Evolving impact of long-term survival results on metastatic melanoma treatment

Olivier Michielin, Michael B Atkins, Henry B Koon, Reinhard Dummer, Paolo Antonio Ascierto

Research output: Contribution to journalReview articlepeer-review

Abstract

Melanoma treatment has been revolutionized over the past decade. Long-term results with immuno-oncology (I-O) agents and targeted therapies are providing evidence of durable survival for a substantial number of patients. These results have prompted consideration of how best to define long-term benefit and cure. Now more than ever, oncologists should be aware of the long-term outcomes demonstrated with these newer agents and their relevance to treatment decision-making. As the first tumor type for which I-O agents were approved, melanoma has served as a model for other diseases. Accordingly, discussions regarding the value and impact of long-term survival data in patients with melanoma may be relevant in the future to other tumor types. Current findings indicate that, depending on the treatment, over 50% of patients with melanoma may gain durable survival benefit. The best survival outcomes are generally observed in patients with favorable prognostic factors, particularly normal baseline lactate dehydrogenase and/or a low volume of disease. Survival curves from melanoma clinical studies show a plateau at 3 to 4 years, suggesting that patients who are alive at the 3-year landmark (especially in cases in which treatment had been stopped) will likely experience prolonged cancer remission. Quality-of-life and mixture-cure modeling data, as well as metrics such as treatment-free survival, are helping to define the value of this long-term survival. In this review, we describe the current treatment landscape for melanoma and discuss the long-term survival data with immunotherapies and targeted therapies, discussing how to best evaluate the value of long-term survival. We propose that some patients might be considered functionally cured if they have responded to treatment and remained treatment-free for at least 2 years without disease progression. Finally, we consider that, while there have been major advances in the treatment of melanoma in the past decade, there remains a need to improve outcomes for the patients with melanoma who do not experience durable survival.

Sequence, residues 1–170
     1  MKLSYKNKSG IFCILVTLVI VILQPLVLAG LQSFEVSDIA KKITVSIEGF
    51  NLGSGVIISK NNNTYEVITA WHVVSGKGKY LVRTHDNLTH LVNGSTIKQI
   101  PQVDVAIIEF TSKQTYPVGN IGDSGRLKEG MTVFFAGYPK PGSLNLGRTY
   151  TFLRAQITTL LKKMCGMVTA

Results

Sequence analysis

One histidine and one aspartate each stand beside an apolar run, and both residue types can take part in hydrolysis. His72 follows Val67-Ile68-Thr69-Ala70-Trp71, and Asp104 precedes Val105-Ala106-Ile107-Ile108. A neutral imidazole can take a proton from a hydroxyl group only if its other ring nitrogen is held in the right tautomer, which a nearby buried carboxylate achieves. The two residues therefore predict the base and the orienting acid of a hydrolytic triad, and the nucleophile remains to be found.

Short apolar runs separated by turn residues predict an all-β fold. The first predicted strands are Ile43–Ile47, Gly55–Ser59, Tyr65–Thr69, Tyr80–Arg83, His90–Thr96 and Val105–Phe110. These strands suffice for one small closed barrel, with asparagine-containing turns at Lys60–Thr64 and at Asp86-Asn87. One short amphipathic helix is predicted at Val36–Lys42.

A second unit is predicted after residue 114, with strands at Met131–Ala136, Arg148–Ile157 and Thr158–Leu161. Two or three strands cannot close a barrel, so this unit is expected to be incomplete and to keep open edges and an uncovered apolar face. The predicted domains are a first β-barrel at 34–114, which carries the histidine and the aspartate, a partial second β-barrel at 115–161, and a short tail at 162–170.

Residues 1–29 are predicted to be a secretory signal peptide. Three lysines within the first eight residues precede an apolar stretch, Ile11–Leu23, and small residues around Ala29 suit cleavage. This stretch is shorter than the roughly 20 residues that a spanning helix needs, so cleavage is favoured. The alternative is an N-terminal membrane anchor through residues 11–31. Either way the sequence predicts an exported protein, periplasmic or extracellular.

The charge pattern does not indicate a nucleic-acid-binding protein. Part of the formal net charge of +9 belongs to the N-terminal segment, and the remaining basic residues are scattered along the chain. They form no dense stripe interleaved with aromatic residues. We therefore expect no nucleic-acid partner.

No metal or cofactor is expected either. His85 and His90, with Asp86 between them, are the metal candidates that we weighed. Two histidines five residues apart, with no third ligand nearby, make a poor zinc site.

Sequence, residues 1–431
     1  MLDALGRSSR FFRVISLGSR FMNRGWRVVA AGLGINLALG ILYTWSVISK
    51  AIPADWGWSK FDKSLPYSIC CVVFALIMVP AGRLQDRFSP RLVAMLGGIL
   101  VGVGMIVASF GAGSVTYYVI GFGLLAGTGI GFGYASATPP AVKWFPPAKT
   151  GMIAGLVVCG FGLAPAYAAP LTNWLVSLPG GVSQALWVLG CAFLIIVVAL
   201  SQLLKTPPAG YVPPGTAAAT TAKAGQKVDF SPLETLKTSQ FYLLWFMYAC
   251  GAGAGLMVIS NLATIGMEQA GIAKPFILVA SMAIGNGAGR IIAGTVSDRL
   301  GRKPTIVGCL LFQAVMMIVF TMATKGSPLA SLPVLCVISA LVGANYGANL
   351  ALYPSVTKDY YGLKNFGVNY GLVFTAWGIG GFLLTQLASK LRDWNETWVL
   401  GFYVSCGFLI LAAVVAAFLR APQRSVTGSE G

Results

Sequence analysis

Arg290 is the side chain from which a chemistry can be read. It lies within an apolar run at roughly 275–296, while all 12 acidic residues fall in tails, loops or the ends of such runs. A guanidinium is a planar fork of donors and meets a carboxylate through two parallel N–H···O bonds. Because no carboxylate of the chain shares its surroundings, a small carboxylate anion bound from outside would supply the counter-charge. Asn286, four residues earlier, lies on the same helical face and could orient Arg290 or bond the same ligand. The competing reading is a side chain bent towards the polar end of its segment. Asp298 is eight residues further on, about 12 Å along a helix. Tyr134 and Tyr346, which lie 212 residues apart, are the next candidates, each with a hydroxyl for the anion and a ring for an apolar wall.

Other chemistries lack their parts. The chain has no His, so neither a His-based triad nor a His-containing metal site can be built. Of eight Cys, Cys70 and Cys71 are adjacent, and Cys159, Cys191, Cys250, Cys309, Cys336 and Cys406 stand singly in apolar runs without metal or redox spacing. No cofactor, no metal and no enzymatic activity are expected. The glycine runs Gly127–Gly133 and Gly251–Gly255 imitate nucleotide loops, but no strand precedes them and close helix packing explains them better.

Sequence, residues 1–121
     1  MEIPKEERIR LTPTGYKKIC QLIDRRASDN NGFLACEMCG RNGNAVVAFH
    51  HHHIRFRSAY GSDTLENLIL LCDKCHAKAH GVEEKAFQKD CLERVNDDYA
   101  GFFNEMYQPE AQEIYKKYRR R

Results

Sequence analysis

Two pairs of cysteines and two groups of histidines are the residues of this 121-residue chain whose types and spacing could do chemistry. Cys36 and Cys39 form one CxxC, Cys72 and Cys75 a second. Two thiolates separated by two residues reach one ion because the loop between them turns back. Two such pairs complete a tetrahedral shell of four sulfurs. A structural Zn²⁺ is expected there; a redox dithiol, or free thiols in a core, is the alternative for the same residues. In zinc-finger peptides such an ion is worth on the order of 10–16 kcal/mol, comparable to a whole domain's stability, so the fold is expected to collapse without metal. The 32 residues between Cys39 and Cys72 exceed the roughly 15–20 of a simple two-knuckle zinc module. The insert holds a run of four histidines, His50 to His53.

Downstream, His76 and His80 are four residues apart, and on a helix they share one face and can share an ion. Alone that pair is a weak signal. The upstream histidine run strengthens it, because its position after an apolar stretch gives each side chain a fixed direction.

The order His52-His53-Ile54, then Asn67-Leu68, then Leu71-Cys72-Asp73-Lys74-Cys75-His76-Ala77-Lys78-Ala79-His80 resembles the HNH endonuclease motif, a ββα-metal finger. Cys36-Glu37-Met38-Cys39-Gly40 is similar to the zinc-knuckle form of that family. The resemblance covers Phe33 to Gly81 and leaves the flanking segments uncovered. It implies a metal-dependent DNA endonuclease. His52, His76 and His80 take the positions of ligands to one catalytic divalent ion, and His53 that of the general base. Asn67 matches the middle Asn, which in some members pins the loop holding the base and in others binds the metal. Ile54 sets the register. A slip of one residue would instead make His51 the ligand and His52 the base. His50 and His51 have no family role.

Original languageEnglish
JournalJournal for ImmunoTherapy of Cancer
Volume8
Issue number2
DOIs
Publication statusPublished - Oct 2020

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